Ironhide wrote:General Clinic Ideas:
Disc Related Questions (Most of this information can be pre-typed and ready to hand out):
- Make sure the clinic doesn't turn into a class. Sitting and just going over information is good, but people don't see the value in it when they can simply look at it on the internet. On top of that, don't have all the talking in the beginning, then go throwing, they'll forget!
- If there's enough people, have them work in teams and have them critique each other. Get them to recognize the error and what needs to be done to fix it.
- Make sure there's some one on one time! During this time make sure notes are written down that pertain to the individual.
- Encourage local parks to offer a basket for practicing. I know in my area, out of about 8 close by courses, only 1 offers an extra basket, and of course it's the furthest course from me out of those 8.
- Time permitted, like you said Mark, play with someone really good. So have them play a round with their pro in there group and maybe do something like a worst disc scramble, that way everyone throws from the same spot and the pro can offer suggestions for all of them.
- Make sure people walk out with something in their hands after the clinic. Trying to memorize everything doesn't work. I did a golf clinic with Nike, and they had a whole binder for me and I was able to take it out on the driving range with me and when I started doing something wrong, I could look it up as it pertained to me, and was able to fix it.
- I have "X" discs, What should I get next?
Discussion between selection different disc, different plastic, different weight, etc...
- How to pick your discs based on course and weather.
'Core Discs' + Discs for.... Hills, woods, open area, windy, rain, etc..
- 5-Steps to the Nuke.
Signs of when you 'master' a certain disc and what would be the next disc to 'master'.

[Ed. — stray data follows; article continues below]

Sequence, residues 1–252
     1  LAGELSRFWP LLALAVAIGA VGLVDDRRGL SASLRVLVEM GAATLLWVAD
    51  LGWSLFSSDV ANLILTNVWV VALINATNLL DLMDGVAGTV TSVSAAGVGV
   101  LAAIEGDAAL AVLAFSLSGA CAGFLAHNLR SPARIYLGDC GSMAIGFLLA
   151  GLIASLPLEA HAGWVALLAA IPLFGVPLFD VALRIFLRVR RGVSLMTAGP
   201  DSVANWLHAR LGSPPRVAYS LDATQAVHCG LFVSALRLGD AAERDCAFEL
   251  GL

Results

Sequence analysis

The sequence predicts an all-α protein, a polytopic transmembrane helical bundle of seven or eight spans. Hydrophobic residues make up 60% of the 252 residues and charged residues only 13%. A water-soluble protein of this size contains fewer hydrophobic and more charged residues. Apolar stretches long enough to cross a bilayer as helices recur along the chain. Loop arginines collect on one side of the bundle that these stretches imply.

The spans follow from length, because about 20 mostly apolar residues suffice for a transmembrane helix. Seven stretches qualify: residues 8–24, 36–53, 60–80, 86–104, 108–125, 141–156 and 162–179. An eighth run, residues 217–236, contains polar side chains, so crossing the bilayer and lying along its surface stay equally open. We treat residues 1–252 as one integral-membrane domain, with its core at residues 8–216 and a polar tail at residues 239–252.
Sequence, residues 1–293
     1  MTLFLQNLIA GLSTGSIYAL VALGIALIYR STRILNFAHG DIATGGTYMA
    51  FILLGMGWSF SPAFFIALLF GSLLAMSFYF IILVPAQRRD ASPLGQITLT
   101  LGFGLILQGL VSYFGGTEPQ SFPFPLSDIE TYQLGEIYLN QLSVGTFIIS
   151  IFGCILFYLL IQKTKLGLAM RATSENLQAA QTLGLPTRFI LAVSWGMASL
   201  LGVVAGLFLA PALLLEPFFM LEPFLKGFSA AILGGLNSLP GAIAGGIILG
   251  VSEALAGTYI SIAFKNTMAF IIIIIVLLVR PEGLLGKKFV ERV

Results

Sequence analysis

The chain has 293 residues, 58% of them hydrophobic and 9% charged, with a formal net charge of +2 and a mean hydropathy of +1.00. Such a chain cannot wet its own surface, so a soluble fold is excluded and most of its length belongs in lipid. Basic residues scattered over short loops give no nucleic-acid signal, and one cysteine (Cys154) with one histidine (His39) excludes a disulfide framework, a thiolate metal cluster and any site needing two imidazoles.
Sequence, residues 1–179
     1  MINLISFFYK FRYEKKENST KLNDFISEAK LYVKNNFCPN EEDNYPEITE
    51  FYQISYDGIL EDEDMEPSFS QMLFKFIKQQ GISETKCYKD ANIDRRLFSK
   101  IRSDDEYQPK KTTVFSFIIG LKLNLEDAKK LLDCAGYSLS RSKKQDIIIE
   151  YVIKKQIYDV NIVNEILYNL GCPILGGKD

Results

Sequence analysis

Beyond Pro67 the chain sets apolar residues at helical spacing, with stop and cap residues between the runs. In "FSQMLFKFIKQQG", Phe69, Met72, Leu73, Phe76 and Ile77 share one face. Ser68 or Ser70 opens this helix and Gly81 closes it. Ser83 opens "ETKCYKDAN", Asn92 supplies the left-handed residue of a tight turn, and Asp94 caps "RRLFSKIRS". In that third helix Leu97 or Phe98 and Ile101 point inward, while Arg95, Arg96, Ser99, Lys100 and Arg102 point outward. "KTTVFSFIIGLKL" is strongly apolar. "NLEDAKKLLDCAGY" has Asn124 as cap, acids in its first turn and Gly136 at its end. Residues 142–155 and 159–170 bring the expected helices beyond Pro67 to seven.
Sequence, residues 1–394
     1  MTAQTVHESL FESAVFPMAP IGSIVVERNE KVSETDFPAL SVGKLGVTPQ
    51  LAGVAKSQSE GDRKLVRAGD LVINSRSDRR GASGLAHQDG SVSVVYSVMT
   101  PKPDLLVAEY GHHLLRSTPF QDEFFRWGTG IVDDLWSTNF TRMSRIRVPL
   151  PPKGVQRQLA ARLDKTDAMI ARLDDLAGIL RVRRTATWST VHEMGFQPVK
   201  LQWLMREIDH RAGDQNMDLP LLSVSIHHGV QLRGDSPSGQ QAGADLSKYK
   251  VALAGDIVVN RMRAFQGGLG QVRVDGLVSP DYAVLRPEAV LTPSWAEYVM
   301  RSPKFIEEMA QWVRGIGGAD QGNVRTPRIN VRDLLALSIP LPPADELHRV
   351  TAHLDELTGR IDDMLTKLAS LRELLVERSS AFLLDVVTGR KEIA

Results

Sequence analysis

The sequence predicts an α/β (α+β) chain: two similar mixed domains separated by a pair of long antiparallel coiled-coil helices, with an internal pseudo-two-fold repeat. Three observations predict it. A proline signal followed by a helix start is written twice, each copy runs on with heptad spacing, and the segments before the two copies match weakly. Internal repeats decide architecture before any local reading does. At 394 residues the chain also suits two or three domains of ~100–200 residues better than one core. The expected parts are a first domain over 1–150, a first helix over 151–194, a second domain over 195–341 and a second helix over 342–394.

Example: Magnet to Buzzz to Avenger SS to Viking to Nuke
- Go through people's bags.
Have the 'pro' go through people's bag and critique it and offer suggestions. Maybe even have 1 or 2 discs for free as part of the entrance fee and offer other discs at a discounted value. Similar idea to the "5-Steps to the Nuke" but more personalize.
- Different form for different distances/situations. Similar to your putting video, but more detailed. Up/Down/Side hill putts.
- Hard Vs. Soft Putters
Certain distances/throws better for one than the other?
DG Strength and Conditioning:
- Common Throwing Errors
If you throw this average disc (a mid), and it does this flight shape, possible mistakes and how to fix it.
- Go Over Form
Make sure they are able to practice it after you explain it. Maybe offer pictures of them doing it.
Just have a sheet w/ clear pictures and description and uses. That way you can go through it relatively quick.
*** As a 'beginner' myself, the underlined information is what I would see 'value' in and worth paying for. ***
- I'm actually working on a 'booklet' for this, so don't want to give too much a way. Too much information out there is 'bro-mance' and only focuses on certain aspects, not the whole picture.
*** I'll be updating as I think about this topic, this is the first stuff off the top of my head ***
Wow, a lot of stuff here. I appreciate the ideas even when I may not agree with them. I acknowledge that my opinions may be wrong. So starting at the top:
A class is exactly what IS needed, so long as it is an interesting, fast paced class, of course. Class need not be boring. Few disc golfers learn by internet. Even those who do get huge amounts of often conflicting and unintelligible information. My job is tell the group what they need to know, even if they have heard some or all of it before. Hopefully they give it more credence than from other sources and actually try what I suggest.